Quality of care

In the context of telehealth services complementing existing care delivery, measuring care quality is as important for it as for in-person visits. Concerns about depersonalizing the patient-provider relationship could be reduced by catering to a patient’s special needs and engaging with them in between regular visits.

Reimbursement issues

Problems often arise from the hodge-podge of laws and policies that currently govern payers and providers, with mandates often pertaining to coverage or reimbursement, with some patients in mandated states still having problems with payment of telehealth claims.

Commercial payers are increasingly offering reimbursement for telehealth services, with annual growth rates for covered telehealth visits increasing by 52 percent between 2005 and 2014. Not surprisingly, 2015 through 2017 saw an even greater growth increase of 261 percent. The consumer and provider interest is clearly there, once payers climb on board the telehealth bandwagon. However, telehealth parity laws and Medicare reimbursement rank among the biggest challenges currently faced by providers.

Internet connectivity, EHR integration and cost barriers

For smaller practices with lower budgets, setting up and participating in a telehealth system can be prohibitively expensive.  Even among larger practices and hospitals, interoperability with many EHR systems is often lacking.

Patient and provider attitudes toward new technology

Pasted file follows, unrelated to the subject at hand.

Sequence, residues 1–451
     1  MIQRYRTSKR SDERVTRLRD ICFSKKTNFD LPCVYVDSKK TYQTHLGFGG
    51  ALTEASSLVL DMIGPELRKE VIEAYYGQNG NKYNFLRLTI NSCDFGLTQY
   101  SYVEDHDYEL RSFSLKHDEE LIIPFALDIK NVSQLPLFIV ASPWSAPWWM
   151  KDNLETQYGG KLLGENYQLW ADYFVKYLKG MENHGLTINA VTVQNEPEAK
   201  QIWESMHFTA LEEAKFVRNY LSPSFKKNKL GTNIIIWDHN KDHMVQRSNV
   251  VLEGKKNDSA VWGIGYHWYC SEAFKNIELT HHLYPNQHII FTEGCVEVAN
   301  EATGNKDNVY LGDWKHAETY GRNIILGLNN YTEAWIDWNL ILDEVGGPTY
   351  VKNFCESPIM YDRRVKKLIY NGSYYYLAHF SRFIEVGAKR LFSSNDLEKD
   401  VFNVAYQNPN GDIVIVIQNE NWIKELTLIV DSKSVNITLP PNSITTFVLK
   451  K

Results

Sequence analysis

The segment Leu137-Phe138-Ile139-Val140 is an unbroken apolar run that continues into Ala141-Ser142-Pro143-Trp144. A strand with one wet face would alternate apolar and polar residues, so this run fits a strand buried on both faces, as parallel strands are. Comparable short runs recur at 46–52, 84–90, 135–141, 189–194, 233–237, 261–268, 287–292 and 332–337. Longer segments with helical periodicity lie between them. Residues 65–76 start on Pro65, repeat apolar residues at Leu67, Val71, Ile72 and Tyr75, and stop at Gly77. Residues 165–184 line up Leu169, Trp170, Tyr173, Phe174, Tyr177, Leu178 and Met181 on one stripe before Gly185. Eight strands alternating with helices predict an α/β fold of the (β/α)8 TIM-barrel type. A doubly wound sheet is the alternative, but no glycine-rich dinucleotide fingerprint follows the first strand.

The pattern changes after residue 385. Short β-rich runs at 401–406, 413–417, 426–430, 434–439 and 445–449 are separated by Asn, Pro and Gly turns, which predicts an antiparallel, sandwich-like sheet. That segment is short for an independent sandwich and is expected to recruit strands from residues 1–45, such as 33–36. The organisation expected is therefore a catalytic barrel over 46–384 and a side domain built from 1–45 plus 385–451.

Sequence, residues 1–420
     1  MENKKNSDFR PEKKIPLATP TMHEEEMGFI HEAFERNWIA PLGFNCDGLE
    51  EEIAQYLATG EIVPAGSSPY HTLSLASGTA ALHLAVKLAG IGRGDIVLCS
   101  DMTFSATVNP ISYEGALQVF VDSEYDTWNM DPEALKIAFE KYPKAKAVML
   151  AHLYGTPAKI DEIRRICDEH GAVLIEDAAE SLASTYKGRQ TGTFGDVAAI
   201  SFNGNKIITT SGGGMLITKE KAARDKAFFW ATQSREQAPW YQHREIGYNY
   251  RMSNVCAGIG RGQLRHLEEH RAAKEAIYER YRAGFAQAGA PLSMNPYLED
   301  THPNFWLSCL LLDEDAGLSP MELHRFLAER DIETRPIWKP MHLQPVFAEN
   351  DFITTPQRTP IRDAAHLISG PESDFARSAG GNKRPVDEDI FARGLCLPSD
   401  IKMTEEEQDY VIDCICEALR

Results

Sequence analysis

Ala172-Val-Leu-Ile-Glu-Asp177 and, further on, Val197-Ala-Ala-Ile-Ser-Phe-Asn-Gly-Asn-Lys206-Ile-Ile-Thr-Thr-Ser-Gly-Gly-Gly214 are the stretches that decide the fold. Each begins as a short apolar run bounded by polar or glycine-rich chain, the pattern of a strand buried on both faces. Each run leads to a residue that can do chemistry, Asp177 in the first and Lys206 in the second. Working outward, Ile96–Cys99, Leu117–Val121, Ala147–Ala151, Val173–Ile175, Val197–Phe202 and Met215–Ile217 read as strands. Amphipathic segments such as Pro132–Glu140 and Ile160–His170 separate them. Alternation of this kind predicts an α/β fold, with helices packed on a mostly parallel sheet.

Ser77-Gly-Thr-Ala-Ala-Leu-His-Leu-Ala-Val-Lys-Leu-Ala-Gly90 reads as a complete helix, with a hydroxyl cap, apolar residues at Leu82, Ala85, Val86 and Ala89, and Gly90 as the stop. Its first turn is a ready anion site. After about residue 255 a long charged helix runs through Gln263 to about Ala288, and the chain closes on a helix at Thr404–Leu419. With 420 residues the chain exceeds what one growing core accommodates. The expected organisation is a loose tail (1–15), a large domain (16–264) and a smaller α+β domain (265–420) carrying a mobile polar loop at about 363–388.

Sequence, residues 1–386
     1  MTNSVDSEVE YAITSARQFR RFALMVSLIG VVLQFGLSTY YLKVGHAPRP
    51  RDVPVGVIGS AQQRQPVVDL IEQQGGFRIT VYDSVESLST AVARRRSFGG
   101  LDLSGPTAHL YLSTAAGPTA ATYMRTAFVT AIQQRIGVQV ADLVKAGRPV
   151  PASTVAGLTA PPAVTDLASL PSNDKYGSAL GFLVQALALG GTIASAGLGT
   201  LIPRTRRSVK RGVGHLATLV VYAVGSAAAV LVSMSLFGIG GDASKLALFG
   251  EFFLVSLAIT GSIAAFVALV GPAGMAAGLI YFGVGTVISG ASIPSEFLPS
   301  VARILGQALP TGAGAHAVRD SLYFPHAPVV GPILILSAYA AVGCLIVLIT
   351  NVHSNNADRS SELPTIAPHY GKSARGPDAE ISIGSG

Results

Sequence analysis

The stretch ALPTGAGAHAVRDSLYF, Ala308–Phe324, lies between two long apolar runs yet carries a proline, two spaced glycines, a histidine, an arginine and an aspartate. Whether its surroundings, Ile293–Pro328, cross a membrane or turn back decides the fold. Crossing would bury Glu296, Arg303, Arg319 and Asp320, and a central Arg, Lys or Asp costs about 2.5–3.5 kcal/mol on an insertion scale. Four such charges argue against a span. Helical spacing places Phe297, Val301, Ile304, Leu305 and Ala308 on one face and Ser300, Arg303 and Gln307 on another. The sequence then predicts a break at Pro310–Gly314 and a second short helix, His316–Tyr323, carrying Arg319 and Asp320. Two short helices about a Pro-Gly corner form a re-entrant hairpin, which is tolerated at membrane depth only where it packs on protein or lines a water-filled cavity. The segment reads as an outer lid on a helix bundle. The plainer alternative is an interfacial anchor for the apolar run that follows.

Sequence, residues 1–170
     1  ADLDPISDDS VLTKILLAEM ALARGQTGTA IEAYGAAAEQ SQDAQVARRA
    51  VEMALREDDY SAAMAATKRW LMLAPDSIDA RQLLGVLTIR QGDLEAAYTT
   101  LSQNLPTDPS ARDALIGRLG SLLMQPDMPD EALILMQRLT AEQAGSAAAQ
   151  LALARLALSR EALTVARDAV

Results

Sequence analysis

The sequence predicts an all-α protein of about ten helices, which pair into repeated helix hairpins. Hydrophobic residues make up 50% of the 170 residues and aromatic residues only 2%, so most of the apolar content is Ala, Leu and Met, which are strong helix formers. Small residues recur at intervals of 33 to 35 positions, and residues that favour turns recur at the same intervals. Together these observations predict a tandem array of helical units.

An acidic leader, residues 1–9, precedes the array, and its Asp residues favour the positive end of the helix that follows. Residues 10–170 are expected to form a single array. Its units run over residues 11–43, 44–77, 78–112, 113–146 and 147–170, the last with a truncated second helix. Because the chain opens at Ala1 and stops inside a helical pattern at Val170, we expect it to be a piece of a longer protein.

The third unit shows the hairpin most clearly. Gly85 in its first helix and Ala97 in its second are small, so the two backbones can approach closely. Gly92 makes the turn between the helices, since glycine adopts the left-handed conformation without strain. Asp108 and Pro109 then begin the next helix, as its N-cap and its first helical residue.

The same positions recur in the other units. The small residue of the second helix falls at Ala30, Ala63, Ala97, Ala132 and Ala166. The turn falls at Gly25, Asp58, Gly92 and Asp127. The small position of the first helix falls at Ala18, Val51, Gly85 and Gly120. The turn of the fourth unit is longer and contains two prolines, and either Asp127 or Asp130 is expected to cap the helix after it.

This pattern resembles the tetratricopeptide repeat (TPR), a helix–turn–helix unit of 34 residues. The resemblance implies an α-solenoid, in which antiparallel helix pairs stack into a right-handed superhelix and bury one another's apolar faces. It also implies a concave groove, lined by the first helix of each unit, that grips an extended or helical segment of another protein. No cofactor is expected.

A 2017 Modern Health study found that 82 percent of consumers don’t use telemedicine, with two-thirds of patient-responders unsure if their insurance carriers even covered it. Only one out of five were able to say for certain whether telemedicine was a covered service.

In 2017 another study by Sage Growth Partners revealed that for 44 percent of healthcare executives surveyed have not adopted telehealth programs within their organizations. 

Ways to improve provider utilization of telemedicine

  • Relaxing CMS and other payer restrictions while revising and updating regulations to match the abilities of technology and consumer demand
  • Improve health records security, patient confidentiality and other ethical guarantees
  • Work with healthcare IT developers and vendors to make telehealth technologies more affordable for smaller practices
  • Educate providers (in tandem with payers) who in turn teach patients about the cost and other benefits and correct use of telehealth services

Utilizing the services of a practice management and billing company

An experienced practice management and billing company such as M-Scribe can be invaluable when seeking guidance in using and maximizing the potential of telehealth. Adding a telemedicine option to your practice can make good sense by expanding patient access to specialized as well as routine care and improving compliance with self-care routines arising from chronic health conditions. 

Because this is a newer modality requiring knowledgeable claims billers, M-Scribe’s experienced medical claims billing and coding personnel can assist with your telemedicine-related billing, EHR integration and claims while keeping your streams of revenue steady.

Contact us at 770-666-0470 or email for more information on keeping costs down while boosting your revenue cycle.